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Murder in the Solid State
Wil McCarthy
Tor Books, 277 pages

Art: Bob Eggleton
Murder in the Solid State
Wil McCarthy
Wil McCarthy was born in Princeton, New Jersey, in 1966. In 1984, he moved to Boulder, Colorado, to attend the University of Colorado. He works as an aerospace engineer for the Lockheed Martin Corporation in Denver designing satellite orbits for the Titan series of rockets for NASA and the Department of Defense.

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A review by Greg L. Johnson

There are some ideas that vividly illustrate how far apart the science fiction community can be from the rest of the world. One of those ideas is nanotechnology, the direct manipulation of matter at the atomic level. To most people, if they've heard of it at all, nanotech is just another crazy idea. For the science fiction writer, and reader, the idea is already past the exotic stage and is just another tool in the hard SF bag of tricks. Like anything else, it has to be there for a reason, something that fits the purposes of the story. In Murder in the Solid State, the idea of nanotechnology forms the background for a tale of homicide and political oppression.

In the near future, research into nanotechnology has been slowed mainly by the achievements of one man, Otto Vandegroot. Vandegroot owns the patents for the development of microtechnology, a step on the way to real nanotech. His techniques have aided the rise of a political party, the Grays, who back the use of Vandegroot's technology to monitor people's behaviour in public situations. The further advance of nanotechnology would undermine the effectiveness of Vandegroot's molecular detection devices, and upset the Grays' political ambitions.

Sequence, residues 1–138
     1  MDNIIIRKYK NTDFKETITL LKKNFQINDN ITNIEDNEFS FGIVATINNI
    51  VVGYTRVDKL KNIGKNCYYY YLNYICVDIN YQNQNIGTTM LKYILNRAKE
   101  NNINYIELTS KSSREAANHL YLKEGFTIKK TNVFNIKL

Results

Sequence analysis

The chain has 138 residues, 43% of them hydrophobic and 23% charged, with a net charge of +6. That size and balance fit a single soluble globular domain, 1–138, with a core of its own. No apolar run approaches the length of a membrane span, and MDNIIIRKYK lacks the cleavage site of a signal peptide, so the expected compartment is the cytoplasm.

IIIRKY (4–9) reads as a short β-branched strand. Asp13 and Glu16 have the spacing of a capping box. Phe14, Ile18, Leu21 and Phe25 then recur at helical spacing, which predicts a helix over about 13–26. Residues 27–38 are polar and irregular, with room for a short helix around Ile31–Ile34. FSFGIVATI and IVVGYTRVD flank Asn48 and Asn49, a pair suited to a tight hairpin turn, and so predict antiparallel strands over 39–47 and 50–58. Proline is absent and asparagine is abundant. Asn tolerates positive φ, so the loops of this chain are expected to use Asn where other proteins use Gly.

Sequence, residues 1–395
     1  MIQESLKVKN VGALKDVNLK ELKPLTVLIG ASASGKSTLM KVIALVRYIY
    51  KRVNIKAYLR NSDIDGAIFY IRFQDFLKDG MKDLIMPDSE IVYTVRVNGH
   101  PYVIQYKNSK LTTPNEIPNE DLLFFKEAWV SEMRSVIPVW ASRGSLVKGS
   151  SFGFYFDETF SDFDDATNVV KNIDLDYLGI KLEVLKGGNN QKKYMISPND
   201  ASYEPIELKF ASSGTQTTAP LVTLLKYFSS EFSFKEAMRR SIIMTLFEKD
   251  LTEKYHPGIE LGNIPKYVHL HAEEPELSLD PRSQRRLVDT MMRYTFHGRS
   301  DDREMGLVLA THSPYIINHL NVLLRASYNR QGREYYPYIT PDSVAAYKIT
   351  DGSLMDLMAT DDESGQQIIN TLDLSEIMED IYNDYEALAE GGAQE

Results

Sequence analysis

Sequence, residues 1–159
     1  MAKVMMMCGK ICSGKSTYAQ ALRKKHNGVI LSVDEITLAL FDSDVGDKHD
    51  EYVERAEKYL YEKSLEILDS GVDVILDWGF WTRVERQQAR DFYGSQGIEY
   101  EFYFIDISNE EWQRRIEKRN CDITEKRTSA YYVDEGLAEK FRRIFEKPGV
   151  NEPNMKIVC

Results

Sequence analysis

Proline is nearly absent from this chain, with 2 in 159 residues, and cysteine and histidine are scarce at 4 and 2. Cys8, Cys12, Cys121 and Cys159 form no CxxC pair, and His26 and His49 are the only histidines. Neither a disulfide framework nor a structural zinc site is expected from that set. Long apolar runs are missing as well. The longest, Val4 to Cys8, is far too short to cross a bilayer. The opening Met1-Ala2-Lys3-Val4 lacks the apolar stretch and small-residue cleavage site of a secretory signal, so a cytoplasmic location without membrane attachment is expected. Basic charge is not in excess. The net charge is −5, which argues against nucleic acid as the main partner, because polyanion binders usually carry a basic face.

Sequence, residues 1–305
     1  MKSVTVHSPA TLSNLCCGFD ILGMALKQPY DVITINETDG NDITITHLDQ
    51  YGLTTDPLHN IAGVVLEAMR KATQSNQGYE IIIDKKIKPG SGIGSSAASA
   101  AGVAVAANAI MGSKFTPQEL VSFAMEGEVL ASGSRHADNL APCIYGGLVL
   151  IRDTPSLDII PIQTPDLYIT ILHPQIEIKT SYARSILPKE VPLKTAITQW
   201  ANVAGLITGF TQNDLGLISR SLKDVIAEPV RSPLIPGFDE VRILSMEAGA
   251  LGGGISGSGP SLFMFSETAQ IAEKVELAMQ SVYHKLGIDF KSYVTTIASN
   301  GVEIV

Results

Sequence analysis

When Vandegroot turns up dead at a scientific conference, many have motives, but suspicion falls mainly on David Sanger, a young researcher who recently won a lawsuit against Vandegroot, and who had quarrelled with him in public the day of the murder. The story follows Sanger's efforts to prove his innocence and uncover the manipulations of the Grays.

Many SF writers have explored the possibilities of nanotech for weapons, manufacturing to order, and as the ultimate medical device. Fewer have stopped to consider the potentials of nanotech for controlling the behaviour of people. John DeChancie's Innerverse, with its evocation of Skinnerian behaviouralism is one good example. McCarthy doesn't go as far as DeChancie in discussing the political issues, but they are there. The story moves along quickly; instead of taking time-outs for discussion, the issues arise as part of the action, usually confronted as Sanger makes new discoveries about the plot against him.

McCarthy writes with a clean, clear style, and Murder in the Solid State is a satisfying read. The minor characters all have personality traits or moments in the story that raise them above the ordinary. The one exception is John Quince, who is just your run-of-the-mill bad guy. While it might have been nice to have a more interesting character as the leader of the Grays, the real villain is the ideas of the Grays, and Quince functions well enough in the novel as the embodiment of those ideas. In the end, Murder in the Solid State tells a good story and gives you a few things to think about. That's about all you can ask ask of any science fiction novel.

Copyright © 1999 by Greg L. Johnson

Reviewer Greg L. Johnson picked the paperback edition of Murder in the Solid State to review because he had heard good things about the book and its author. The rumours were true. His reviews also appear in The New York Review of Science Fiction.

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